Introduction Public participation is an acknowledged part of environmental decision-making and is included in most domestic and international law. The notion of ‘public participation’ varies, with the term having subtle differences of meaning to different groups. It is, however, part of a discourse of sustainable development and its adherents share an understanding about it involving the public at all stages of decision-making. This results in better outcomes for the environment and more acceptance by the public. In examining the relationship between international and public law concerning environmental protection, the role of the public stands out. Under municipal public law, opportunities to participate in decision-making and challenge regulatory failings in judicial review proceedings are commonly made by individuals and non-governmental organisations (NGOs). In public international law, Principle 10 of the Rio Declaration recognises the role of individuals and NGOs, with the Aarhus Convention providing more opportunities to challenge state governments for similar failings when applicable. International law is no longer confined to the relationship between states and international organisations, and in an environmental context it is as appropriate to emphasise the relationship between individuals and states as in international human rights and humanitarian law. In international environmental law, therefore, individuals and NGOs now have an important role in environmental regulation. This chapter focuses on the discourse, principle and practice of public participation, contributing in particular to the growing debate concerning the globalisation of administrative law. As discussed in the first section of the chapter, the globalisation of administrative law is seen in many ways, including in the regulatory cooperation established through international treaties providing for public participation in transboundary environmental impact assessment (transboundary EIA), the UN Economic Commission for Europe Espoo and Aarhus Conventions. The decision-making body for each treaty, the Meeting of the Parties, has been active in adopting decisions and developing guidance, including for public participation. The non-compliance procedures of each treaty, in particular the Compliance Committee of the Aarhus Convention, informs the argument in this chapter that administrative law mechanisms are permeating public international law so that the traditional gap between municipal and international law in the public domain is closing.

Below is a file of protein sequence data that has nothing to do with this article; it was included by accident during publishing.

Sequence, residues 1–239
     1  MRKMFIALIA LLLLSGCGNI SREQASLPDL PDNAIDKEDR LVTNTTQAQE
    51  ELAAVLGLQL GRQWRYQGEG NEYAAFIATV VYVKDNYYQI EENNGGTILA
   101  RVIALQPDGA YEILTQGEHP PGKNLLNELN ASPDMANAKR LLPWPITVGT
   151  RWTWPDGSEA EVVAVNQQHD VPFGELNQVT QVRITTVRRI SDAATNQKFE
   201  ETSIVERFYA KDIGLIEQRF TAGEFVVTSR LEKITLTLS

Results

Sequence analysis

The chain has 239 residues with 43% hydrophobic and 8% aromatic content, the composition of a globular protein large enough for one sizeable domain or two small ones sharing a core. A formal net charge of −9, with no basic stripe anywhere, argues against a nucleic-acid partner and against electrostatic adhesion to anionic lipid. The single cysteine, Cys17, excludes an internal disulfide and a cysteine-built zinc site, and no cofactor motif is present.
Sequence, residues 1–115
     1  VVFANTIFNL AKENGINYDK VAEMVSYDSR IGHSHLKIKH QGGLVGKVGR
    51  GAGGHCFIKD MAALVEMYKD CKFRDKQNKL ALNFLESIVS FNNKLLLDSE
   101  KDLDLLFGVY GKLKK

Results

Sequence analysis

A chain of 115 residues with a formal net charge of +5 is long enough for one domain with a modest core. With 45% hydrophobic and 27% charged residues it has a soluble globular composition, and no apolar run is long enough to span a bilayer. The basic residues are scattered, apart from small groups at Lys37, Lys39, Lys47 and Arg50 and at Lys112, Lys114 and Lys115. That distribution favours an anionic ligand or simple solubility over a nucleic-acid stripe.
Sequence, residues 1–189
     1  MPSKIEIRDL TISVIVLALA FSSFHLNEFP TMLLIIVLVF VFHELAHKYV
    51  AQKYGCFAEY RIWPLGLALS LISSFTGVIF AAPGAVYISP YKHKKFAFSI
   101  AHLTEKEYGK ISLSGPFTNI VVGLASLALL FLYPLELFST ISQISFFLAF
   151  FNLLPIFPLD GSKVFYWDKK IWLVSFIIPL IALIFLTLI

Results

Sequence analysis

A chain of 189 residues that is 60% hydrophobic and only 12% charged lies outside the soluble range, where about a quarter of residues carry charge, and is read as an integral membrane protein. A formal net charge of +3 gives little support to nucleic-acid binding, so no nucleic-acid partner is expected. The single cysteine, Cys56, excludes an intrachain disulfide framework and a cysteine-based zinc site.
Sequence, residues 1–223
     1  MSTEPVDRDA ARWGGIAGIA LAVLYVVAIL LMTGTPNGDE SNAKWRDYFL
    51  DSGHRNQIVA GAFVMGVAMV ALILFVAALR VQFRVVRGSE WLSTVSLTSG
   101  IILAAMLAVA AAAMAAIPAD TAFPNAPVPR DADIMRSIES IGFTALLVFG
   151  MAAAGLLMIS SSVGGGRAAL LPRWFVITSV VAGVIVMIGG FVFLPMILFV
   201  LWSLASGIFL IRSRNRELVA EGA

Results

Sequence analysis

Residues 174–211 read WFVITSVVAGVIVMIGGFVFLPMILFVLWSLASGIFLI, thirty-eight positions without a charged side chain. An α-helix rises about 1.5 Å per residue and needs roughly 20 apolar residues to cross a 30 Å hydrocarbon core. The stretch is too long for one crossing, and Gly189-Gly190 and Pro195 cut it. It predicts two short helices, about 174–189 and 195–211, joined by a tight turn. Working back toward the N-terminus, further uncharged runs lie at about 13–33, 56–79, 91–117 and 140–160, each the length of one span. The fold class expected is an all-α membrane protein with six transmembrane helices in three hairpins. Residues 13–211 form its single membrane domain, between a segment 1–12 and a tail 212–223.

|Title of host publication
|Environmental Discourses in Public and International Law
|Cambridge University Press
|Number of pages
|Published - 2012